Of course. In the wake of yet another deadly shooting, there’s an uproar in the States. The uproar is, yet again, not what you would expect. Survivors of the shooting are making an effort to get there, but America wouldn’t be America if there wasn’t Something Stupid.
Something Stupid is a song, but in this case we’re not referring to Frank and Nancy, nor to Robbie and Nicole. We’re referring to the national anthem of the USA: the Star-Spangled Banner. Fergie performed it at the NBA all-star games half-time. The rendition was very non-traditional and that didn’t go over well. Of course, the anthem at a sports game, its full lyrics referring to rockets, bombs in the air, havoc of war, the terror of flight and gloom of the grave, was the source of outrage.
Fergie can’t help it, though. Every body sings the anthem. It’s learned in school and the author of this piece has sat in a pub in Ireland looking around emberassedly as a New York police officer was called upon to sing a song. She sung the anthem. The American crowd joined in.
Singing the anthem is the worst possible gig for a reputed performer. It’s catch 22. You can’t win. Think about the number of beginning guitarists you’ve heard attempting Wonderwall, or the number of female singing-contest candidates covering something by Adele. The anthem is like that, except boring. Everybody’s done it, and unless your game is being really good at traditional hymns, as an artist you can’t make a difference without drawing ire. From Roseanne Barr, of all people.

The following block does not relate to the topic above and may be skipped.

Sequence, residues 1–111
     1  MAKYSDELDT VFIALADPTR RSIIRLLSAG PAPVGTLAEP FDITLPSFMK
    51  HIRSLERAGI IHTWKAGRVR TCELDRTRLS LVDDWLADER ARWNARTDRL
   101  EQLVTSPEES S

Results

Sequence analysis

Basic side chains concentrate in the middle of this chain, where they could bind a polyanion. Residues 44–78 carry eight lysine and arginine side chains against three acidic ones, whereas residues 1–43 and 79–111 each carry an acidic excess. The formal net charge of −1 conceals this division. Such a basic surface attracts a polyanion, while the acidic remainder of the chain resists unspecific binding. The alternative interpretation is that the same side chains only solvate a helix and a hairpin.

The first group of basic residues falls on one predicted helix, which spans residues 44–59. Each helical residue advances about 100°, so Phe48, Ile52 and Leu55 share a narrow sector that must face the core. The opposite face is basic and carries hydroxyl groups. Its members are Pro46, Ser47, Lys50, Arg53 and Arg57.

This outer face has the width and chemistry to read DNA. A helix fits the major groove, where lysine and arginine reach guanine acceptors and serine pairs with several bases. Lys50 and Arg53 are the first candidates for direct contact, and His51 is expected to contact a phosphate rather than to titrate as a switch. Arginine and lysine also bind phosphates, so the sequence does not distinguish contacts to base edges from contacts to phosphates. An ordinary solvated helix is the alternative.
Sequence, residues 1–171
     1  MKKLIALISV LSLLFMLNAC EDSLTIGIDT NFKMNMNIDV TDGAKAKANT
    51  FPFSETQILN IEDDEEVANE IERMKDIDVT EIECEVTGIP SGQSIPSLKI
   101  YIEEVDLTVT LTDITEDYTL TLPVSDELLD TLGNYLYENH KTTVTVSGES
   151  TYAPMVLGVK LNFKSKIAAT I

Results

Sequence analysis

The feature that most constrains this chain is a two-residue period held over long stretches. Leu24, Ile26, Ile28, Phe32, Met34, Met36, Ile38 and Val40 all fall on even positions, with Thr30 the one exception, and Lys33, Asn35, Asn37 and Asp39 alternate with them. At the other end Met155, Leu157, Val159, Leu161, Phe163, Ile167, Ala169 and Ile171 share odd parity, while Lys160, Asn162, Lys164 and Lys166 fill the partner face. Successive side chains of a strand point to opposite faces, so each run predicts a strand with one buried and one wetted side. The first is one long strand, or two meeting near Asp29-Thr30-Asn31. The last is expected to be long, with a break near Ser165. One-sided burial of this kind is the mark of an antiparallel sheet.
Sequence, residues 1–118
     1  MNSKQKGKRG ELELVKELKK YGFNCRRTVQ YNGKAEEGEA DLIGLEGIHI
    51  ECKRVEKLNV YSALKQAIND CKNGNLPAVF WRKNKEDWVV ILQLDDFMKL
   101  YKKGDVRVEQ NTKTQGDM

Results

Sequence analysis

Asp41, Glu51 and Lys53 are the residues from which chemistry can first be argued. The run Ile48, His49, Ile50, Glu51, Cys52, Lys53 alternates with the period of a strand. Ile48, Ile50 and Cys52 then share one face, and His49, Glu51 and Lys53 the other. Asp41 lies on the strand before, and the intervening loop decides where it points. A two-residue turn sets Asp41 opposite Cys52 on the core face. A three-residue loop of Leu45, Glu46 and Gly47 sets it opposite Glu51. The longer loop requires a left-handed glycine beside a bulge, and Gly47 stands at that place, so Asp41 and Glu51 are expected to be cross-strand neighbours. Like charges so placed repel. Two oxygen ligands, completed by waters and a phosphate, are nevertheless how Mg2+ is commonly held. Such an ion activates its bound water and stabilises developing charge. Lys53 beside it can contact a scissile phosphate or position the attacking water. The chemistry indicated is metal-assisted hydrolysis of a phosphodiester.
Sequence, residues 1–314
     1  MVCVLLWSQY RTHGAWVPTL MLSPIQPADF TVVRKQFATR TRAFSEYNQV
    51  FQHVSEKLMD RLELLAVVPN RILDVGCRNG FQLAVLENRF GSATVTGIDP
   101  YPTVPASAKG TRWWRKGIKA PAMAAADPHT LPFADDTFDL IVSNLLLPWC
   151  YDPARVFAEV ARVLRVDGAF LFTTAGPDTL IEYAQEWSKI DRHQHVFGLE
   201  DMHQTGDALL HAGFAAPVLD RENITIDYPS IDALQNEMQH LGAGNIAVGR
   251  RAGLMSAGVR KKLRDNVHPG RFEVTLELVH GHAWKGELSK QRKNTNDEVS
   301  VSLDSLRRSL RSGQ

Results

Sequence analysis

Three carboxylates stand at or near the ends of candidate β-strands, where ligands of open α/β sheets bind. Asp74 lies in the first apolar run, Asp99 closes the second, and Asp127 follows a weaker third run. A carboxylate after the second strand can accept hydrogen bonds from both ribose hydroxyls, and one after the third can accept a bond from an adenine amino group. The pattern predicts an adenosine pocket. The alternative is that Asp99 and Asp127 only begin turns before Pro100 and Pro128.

Fergie risked that. Was it a succesfull attempt? No, it wasn’t. Her voice was too dominant in the soundmix for the effect she probably intended. That made the entire thing sound forcedly different. But it wasn’t bad, or off-key. It just, well, failed. The way you can lose a baseball game. Shoot and miss.
And with that and the blood from the latest shooting no doubt still drying up, perhaps it was fitting. Except when it comes to shootings, the US isn’t trying and failing. Just failing. Maybe if Americans had a little more concern for children dying than they would for the anthem and the flag being respected during a game of sports, they would have started solving gun violence.
In fact, we have a proposition to make. If the anthem at sports games is that important, we present to you the lyrics to sing for as long as the gunmade streams of blood keep flowing.
O! say can you see
by the dawn’s early light,
What so proudly we shot
at the twilight’s last gleaming,
Whose broad stripes and bright stars
through the perilous fight,
O’er the ramparts we watched,
full of holes still was streaming?
And the beacons’ blue glare,
flashlights lighting the air,
Gave proof through the night
that our flag was still there;
O, say, does that blood-spangled
banner yet wave
o’er the land of the guns
and the home of the grave?